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Learn how to Make a Fort Level, Boston’s Unimaginable Reply to the Manhattan

Learn how to Make a Fort Level, Boston’s Unimaginable Reply to the Manhattan

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In October of 2008, a bar opened in Boston called Drink.

This is not a good name. The bar was infuriatingly ungoogleable; the Google of the late-aughts hadn’t yet achieved omniscience, so a search for “drink boston” would simply return a list of the ample places in Boston to get boozy. It also didn’t enjoy much foot traffic—it wasn’t located in stylish Back Bay or regal Beacon Hill but in Fort Point, a then slowly gentrifying collection of industrial warehouses on the northern tip of South Boston. It didn’t even have its own proper url; was a popular cocktail blog that predated it by a couple years, so the bar was stuck with the clunky

But for Drink, none of that mattered in the slightest. Whether chef/owner Barbara Lynch and bar manager John Gertsen didn’t know about any of this or simply didn’t care, these cosmetic setbacks were irrelevant to the bar’s success, because once it opened, Drink was all anyone was talking about. It was bathed in glowing reviews in its first year, from the local press to The New York Times to itself, in which Lauren Clark wrote that it “is re-inventing the concept of a bar in this city.” Boston as a city can feel a little grumpy about its perceived provinciality—indeed, at times it feels more chip than shoulder—but Drink was different. It was a world-class bar and everybody knew it, at one point achieving No. 8 on the list of the 50 Best Bars in the World. 

What made Drink so special was that it was a bartender’s choice bar, all the way down to the studs. Gertsen designed each bar station to be a peninsula surrounded on three sides by guests, to maximize bartender interaction. There was no menu and no visible bottles behind the bar, so every cocktail that ended up before someone was the product of a conversation about likes, dislikes, flavors, and vibes. Herbs like mint came from potted plants behind the stick, attached to the stem until about 10 seconds before getting muddled in your drink. And ice came from a 50-pound block, cleaved to order and chipped to size. Pair this intimate creativity with a ludicrously overpowered bar staff in people like Gertsen, Misty Kalkofen, Josey Packard, Ezra Star, and many, many others, and Drink’s 15-year reign as Boston’s most indispensable cocktail bar starts to make sense.

Despite not having a menu, they felt like they needed a house cocktail, so Gertsen invented the Fort Point. It’s a play on a Manhattan, and like the classics Brooklyn and Vieux Carre, and the neo-classics Red Hook and Greenpoint, it is named after the neighborhood in which it was invented. It is simple and protean, elegant and robust, and is indeed so delicious it’s a wonder it wasn’t invented somewhere else first, but nonetheless, a Fort Point: rye whiskey and bittersweet vermouth Punt e Mes, with a small kiss of the herbal French liqueur Bénédictine, stirred, strained up with a cherry on the side.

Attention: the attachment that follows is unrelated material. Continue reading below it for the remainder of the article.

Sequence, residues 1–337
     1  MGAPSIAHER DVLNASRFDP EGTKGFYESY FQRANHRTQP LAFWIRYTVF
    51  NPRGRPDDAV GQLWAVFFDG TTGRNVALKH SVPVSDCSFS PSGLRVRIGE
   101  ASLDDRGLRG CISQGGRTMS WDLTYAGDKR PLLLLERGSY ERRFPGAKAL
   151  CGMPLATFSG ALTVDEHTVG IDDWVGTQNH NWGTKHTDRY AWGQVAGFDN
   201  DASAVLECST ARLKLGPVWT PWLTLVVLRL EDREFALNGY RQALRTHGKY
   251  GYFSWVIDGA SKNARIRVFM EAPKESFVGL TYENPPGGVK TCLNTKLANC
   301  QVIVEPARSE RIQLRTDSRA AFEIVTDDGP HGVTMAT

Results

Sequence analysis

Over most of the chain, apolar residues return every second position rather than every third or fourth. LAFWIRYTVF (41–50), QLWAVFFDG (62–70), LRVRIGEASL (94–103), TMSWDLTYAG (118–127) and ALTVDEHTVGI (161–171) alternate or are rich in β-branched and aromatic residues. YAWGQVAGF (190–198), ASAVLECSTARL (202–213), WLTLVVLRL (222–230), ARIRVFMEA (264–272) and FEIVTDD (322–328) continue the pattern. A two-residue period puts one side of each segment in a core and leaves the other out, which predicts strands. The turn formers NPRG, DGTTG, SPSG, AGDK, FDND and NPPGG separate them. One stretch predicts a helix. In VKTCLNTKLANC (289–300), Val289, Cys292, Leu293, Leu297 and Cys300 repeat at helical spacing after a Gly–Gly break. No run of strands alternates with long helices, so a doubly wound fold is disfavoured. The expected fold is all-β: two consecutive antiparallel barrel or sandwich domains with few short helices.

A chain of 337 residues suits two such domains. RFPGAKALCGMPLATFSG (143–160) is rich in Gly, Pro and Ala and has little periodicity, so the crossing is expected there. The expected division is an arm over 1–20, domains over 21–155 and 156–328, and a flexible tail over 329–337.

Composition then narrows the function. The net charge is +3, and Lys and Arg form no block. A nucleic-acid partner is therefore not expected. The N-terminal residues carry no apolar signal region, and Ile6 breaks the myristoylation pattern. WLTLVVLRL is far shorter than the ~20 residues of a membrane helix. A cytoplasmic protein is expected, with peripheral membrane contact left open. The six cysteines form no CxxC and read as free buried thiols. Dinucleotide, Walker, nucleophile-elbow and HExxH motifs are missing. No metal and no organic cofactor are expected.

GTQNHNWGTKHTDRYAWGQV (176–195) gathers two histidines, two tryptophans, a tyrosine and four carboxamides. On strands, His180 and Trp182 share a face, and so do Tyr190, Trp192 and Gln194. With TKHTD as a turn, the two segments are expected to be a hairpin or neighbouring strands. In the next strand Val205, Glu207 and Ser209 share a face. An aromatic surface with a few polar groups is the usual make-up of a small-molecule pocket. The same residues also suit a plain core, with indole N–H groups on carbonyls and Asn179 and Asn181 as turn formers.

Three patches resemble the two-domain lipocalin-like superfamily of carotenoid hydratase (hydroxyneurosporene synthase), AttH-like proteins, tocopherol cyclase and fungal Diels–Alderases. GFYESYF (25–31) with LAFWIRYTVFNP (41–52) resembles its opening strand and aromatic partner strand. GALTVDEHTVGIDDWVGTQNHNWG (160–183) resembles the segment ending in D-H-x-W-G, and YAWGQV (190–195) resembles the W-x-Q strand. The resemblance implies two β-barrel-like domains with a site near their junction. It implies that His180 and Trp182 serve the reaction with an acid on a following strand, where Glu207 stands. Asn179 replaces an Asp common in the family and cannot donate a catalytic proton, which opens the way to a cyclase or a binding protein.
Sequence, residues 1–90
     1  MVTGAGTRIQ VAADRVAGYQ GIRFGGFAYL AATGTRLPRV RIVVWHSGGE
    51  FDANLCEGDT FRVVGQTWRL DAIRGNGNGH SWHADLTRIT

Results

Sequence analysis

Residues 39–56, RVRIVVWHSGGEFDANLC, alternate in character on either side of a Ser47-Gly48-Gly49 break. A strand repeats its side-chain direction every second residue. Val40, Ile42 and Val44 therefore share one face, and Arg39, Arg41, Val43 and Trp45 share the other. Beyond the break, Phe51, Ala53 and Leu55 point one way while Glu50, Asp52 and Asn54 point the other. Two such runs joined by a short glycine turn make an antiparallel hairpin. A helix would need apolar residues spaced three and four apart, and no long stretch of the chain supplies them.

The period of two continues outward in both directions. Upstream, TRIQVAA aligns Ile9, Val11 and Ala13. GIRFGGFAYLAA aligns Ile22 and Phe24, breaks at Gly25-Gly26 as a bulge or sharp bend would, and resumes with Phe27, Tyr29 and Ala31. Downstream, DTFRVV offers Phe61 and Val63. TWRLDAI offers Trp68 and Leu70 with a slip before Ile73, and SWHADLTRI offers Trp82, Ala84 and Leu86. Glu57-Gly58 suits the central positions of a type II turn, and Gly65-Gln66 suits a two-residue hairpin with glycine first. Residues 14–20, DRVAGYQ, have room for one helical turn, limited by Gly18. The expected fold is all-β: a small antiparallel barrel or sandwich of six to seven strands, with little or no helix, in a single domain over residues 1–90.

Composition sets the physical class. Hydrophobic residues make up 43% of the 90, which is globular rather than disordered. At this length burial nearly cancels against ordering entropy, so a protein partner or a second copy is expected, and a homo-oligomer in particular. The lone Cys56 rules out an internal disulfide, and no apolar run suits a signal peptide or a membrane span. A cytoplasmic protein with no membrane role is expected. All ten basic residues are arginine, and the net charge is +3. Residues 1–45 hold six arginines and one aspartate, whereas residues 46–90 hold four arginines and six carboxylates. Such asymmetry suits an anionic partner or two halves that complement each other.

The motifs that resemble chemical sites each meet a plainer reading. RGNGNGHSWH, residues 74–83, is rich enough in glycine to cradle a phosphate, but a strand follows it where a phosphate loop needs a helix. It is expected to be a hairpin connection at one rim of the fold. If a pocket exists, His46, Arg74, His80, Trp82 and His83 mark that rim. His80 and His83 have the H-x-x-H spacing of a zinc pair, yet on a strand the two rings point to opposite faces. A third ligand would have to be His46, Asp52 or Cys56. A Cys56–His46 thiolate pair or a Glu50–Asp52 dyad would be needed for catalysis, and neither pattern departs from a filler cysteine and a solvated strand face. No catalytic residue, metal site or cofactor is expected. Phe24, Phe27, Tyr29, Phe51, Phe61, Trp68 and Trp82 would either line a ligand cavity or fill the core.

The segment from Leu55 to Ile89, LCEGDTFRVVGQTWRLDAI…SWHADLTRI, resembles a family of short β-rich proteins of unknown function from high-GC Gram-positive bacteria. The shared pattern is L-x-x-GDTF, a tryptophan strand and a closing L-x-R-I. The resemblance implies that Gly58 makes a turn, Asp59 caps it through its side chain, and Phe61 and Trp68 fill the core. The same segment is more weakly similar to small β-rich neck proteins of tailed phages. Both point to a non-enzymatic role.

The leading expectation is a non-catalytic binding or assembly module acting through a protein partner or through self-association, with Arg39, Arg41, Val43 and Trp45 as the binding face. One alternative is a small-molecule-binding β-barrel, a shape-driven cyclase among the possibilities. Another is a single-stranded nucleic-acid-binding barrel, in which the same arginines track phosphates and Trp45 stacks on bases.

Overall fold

A week ago, it was announced that Drink was suddenly and permanently closed, citing rising and unsustainable costs (the gentrification chickens, perhaps, coming home to roost). Fifteen years is about a hundred in bar terms, though the abruptness of the closure was still a shock. It’s possible we’ll learn more details in the fullness of time, but it won’t really matter. What matters is that Drink was a truly great place for a very long time, and that to honor it, it seems like the perfect time to make a Fort Point, to toast the bar that taught so many of us—those lucky enough to be living there when it opened—that even truly world-class bars can have silly and ungoogleable names.

Fort Point

Add all ingredients to a mixing glass with ice and stir for 15 to 20 seconds. Strain into a chilled coupe, and garnish with a cocktail cherry, on the side.


Photo: courtesy Heaven Hill

Rye: In recipes for this drink you’ll see Old Overholt Rye a lot—the original whiskey in the cocktail—and certainly isn’t bad, but keep in mind 2008 was a very different time for rye whiskey. Personally, I prefer something punchier like Rittenhouse, or even Old Overholt Bonded.

Vermouth: To make a proper Fort Point, you need to get a bottle of Punt e Mes, a sweet vermouth with a bitter edge (“Punt e Mes” is Piedmontese slang for “point and a half,” as in, a point of vermouth and a half point of bitter). This has a ripe cherry and deep chocolate character and is truly delicious here. It also obviates the need for cocktail bitters, seeing as the bitterness is in the vermouth.

If you don’t have or can’t get Punt e Mes, subbing in another sweet vermouth and adding a dash or two of bitters makes a totally delicious (though quite distinct) cocktail, so feel free to make it that way if you like.

See Also

Bénédictine: One of the greatest liqueurs ever invented, Bénédictine is an 80 proof, honey-sweet liqueur redolent of herbs and baking spices. Normally I’d entertain a substitute like Yellow Chartreuse, but that makes a different drink entirely. Get some Bénédictine. You won’t regret it.

Source: Robb Report

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